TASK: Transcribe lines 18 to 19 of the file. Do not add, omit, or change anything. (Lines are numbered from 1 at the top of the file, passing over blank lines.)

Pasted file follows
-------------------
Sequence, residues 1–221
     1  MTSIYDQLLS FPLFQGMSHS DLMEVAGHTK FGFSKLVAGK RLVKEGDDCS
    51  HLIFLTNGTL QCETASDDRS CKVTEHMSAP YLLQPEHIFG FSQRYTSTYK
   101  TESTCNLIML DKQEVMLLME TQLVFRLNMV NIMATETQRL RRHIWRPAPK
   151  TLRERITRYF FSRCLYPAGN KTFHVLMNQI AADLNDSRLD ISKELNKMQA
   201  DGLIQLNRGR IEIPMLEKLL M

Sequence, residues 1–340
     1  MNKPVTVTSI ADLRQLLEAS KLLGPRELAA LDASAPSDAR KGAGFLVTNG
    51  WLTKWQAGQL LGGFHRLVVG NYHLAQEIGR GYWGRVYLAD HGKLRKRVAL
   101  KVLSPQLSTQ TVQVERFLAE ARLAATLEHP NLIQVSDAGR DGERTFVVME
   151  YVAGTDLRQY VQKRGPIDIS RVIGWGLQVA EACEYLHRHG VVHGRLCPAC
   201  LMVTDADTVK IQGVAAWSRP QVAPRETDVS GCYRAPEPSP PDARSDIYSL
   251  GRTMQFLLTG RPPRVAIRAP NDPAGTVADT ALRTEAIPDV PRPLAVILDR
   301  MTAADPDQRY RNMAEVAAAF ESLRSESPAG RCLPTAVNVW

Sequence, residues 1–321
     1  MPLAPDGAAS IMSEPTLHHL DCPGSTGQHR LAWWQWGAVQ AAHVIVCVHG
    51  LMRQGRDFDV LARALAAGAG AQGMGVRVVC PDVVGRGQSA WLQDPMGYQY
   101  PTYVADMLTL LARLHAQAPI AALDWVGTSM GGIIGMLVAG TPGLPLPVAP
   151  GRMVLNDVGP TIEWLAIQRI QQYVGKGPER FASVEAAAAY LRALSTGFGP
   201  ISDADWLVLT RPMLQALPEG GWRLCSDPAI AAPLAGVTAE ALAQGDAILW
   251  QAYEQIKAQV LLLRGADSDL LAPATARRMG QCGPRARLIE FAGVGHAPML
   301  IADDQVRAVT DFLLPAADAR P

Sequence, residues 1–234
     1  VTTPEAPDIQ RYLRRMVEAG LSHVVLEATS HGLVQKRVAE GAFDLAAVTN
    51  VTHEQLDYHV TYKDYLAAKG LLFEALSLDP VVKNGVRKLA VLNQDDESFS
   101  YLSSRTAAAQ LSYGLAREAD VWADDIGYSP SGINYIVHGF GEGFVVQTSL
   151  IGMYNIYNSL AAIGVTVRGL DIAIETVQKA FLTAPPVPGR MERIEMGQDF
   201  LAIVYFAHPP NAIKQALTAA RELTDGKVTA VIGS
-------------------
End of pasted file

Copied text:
   101  PTYVADMLTL LARLHAQAPI AALDWVGTSM GGIIGMLVAG TPGLPLPVAP
   151  GRMVLNDVGP TIEWLAIQRI QQYVGKGPER FASVEAAAAY LRALSTGFGP